Who Was Genghis Khan?  by Nico Medina  (Grosset & Dunlap)


Named Temujin at birth by his nomadic family in early Mongolia, the great Genghis Khan used his skill and cunning to create the Mongol Empire and conquer almost the entire continent of Asia. As ruler of the largest empire in human history, he was as respected as he was feared. Learn more about the man and the legend in Who Was Genghis Khan?

 

Warriors: Dawn of the Clan 2  by Erin Hunter  (Harper Collins)

The mountain cats from the Tribe of Rushing Water followed the Sun Trail to a new territory, convinced that in a land with more prey, their lives would be free from strife. But while no cat has gone hungry, tensions are rising. The once firmly united group has split in two—and a young cat named Thunder is caught in the middle.

 

 

The Genius Files #4: From Texas With Love  by Dan Gutman  (Harper Collins)

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The wackiest road trip in history continues in book four of the New York Times bestselling Genius Files series, following twins Coke and Pepsi as they dodge villains and visit weird-but-true landmarks from Texas all the way to Roswell, New Mexico!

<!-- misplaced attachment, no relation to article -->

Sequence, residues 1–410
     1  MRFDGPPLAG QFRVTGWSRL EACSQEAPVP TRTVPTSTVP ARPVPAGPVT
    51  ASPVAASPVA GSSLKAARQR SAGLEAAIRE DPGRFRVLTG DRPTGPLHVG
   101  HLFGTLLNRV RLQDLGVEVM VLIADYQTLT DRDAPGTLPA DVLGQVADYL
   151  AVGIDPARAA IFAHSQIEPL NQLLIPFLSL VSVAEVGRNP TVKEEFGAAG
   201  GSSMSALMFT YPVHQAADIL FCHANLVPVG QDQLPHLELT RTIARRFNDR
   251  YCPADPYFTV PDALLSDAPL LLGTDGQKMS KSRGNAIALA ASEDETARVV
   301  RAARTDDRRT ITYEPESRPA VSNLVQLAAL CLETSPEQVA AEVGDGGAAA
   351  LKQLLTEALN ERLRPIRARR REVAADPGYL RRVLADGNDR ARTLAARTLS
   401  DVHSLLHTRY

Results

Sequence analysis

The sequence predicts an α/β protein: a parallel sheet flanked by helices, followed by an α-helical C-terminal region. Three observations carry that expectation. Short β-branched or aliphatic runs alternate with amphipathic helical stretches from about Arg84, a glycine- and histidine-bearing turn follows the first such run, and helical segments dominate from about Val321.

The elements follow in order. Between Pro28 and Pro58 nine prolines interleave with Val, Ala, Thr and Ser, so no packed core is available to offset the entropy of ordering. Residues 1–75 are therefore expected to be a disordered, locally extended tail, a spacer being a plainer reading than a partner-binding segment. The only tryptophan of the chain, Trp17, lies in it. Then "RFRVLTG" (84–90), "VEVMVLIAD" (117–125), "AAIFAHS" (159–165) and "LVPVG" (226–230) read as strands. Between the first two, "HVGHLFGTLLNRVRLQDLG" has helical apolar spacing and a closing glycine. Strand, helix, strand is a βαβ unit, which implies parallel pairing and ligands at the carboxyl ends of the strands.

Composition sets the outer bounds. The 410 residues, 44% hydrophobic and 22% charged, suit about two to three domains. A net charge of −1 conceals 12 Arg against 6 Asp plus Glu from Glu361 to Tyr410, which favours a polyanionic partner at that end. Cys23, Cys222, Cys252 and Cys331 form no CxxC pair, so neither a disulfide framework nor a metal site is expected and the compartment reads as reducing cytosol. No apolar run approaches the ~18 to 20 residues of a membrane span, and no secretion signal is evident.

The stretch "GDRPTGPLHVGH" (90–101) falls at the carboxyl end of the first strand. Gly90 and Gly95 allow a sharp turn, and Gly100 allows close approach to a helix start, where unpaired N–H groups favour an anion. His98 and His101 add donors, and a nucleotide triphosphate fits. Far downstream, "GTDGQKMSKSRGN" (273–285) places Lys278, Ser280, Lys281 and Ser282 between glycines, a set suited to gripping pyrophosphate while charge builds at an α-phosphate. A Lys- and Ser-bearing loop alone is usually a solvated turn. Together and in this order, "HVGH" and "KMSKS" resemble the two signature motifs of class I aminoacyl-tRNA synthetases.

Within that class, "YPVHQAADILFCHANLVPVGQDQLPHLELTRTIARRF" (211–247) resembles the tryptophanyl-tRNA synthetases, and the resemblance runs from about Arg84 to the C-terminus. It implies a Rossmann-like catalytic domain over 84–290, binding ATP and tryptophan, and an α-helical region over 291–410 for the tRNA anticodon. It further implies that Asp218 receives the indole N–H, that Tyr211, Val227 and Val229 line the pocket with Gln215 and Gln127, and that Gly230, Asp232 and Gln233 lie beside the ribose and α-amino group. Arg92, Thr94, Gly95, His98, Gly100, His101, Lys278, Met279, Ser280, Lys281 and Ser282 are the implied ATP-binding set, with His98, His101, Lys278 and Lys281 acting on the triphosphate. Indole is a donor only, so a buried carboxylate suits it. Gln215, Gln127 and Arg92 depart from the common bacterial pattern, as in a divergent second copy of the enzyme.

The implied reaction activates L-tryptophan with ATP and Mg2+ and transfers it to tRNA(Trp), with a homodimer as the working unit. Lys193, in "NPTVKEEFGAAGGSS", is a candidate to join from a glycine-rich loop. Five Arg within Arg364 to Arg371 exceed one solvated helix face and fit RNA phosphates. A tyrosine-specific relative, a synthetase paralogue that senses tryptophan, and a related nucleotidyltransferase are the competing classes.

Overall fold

Horses of the Dawn #2: Star Rise  by Kathryn Lasky  (Scholastic Press)

An unforeseen danger threatens to destroy the pack. A boy with a special gift is lost in the wilderness, and only the horses can keep him alive. But to save the boy, the herd will have to abandon their quest, and risk galloping straight back into the hands-and harnesses- of their captors.  And so, it’s up to Estrella, the herd’s unlikely leader, to make a life-changing decision. Should the horses accept the orphan boy as one of their own? How do you choose between freedom and friendship?


War of the World Records (The Fantastic  Family Whipple ) by Matthew Ward  (Razorbill)

 

The rivalry between the Whipples and the Goldwins escalates to an all-out war as the World Record World Championships draw near. When sinister clowns Overkill and Undercut cause a regulation game of hide-and-seek to go horrifically wrong, recordless Arthur Whipple and his unlikely ally, Ruby Goldwin, set out to catch the clowns’ mysterious boss, known only as “the Treasurer.” The young detectives follow the clues through darkened alleyways, dingy nightclubs, and the gothic halls of the World Record Archives, where they unravel the mystery of the Lyon’s Curse and the secrets of their fathers’ shared past. In the end, Arthur must fight to save his family as he struggles to earn his first world record and prove himself worthy of the Whipple name.